Sonically, this thing came out the same year the DX7 started taking over the world, so it's got (among other interesting touches) a "metal" setting for the cross mod control, which (I believe) is someone's attempt to enable some DX/Synclavier/PPG-style chime within the classic Roland analog palette. Thankfully, the 3P fails miserably at sounding anything like the DX7 or any of the other early digital synths. (analogy alert!) If the DX7 is the TI Graphing Calculator of synths, the 3P is more like a TI Speak & Spell: much simpler, more colorful, and more charming... and the 3P is definitely that much more fun and approachable than the DX synths... in fact, with the PG-200 attached, I find it more fun and easier to get lost in (the good kind of lost) than any other instrument I've lived with. Similar to the Junos, it has a wide sweet spots that ensure things never really sound all that wrong/abrasive, but with it's 2 oscillator per voice architecture (Juno's are just 1-per) you've got a bigger box of crayons to work with... those crayons may be a bit smaller a little more muted than the Juno's big bold primary reds, blues, and yellows, but you can explore the joys of detuned oscillator pairs AND a bucket of classic Roland chorus at the same time: timbres a Juno inherently just can't produce... and let's not forget that none of the Jupiters of this era have built-in analog chorus. Yes, I'm grossly over-simplifying what makes the 3P unique; you'll just have to try one.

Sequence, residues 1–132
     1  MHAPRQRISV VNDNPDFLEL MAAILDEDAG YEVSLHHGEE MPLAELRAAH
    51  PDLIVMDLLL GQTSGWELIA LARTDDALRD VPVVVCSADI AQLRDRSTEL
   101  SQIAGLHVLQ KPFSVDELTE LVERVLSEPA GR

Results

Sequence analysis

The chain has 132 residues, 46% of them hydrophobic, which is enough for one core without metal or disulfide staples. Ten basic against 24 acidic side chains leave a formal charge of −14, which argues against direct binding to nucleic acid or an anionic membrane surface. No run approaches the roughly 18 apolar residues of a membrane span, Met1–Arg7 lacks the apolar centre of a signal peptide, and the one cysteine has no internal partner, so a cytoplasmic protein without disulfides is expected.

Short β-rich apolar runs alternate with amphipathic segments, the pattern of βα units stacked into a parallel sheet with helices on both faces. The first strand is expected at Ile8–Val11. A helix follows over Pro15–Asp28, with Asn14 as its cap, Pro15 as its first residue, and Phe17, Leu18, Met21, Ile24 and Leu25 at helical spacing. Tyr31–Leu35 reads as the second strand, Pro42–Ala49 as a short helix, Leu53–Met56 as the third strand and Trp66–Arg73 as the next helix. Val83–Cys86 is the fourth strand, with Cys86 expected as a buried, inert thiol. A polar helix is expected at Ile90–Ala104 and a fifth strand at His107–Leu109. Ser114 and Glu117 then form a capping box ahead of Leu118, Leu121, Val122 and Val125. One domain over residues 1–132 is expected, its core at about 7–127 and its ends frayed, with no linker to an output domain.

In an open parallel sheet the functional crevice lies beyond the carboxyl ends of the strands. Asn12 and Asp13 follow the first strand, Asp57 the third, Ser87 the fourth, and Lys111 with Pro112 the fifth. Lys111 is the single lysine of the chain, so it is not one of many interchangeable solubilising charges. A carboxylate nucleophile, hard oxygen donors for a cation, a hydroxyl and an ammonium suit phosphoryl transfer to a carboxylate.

Also, while I have nothing against them, I currently have no interest in the later JX-8P/10. I'm sure they're great string/pad synths, but in my experience, they don't have the rough-edged, slightly unpredictable tonal charm of the 3P. The first JX (the 3P) is my pick of the litter for the JX product line: it always gives back a little more than you put into it.
Consider This: Every knob position on a Juno 6/60 or 106 is electronic music history, some artist's classic patch from some classic track... this can often be a great thing, there's a reason everyone used one, but I sometimes struggle to forget all about the weight of that history and just serve the music I'm trying to make in-the-moment. You'll have no such historical struggles with the 3P; it plays/mixes beautifully with all Roland gear of that era, but every new patch I dial-in feels like it's my own voice, filtered through a lot of classic Roland flavoring... which is pretty much what I was hoping for when I bought it.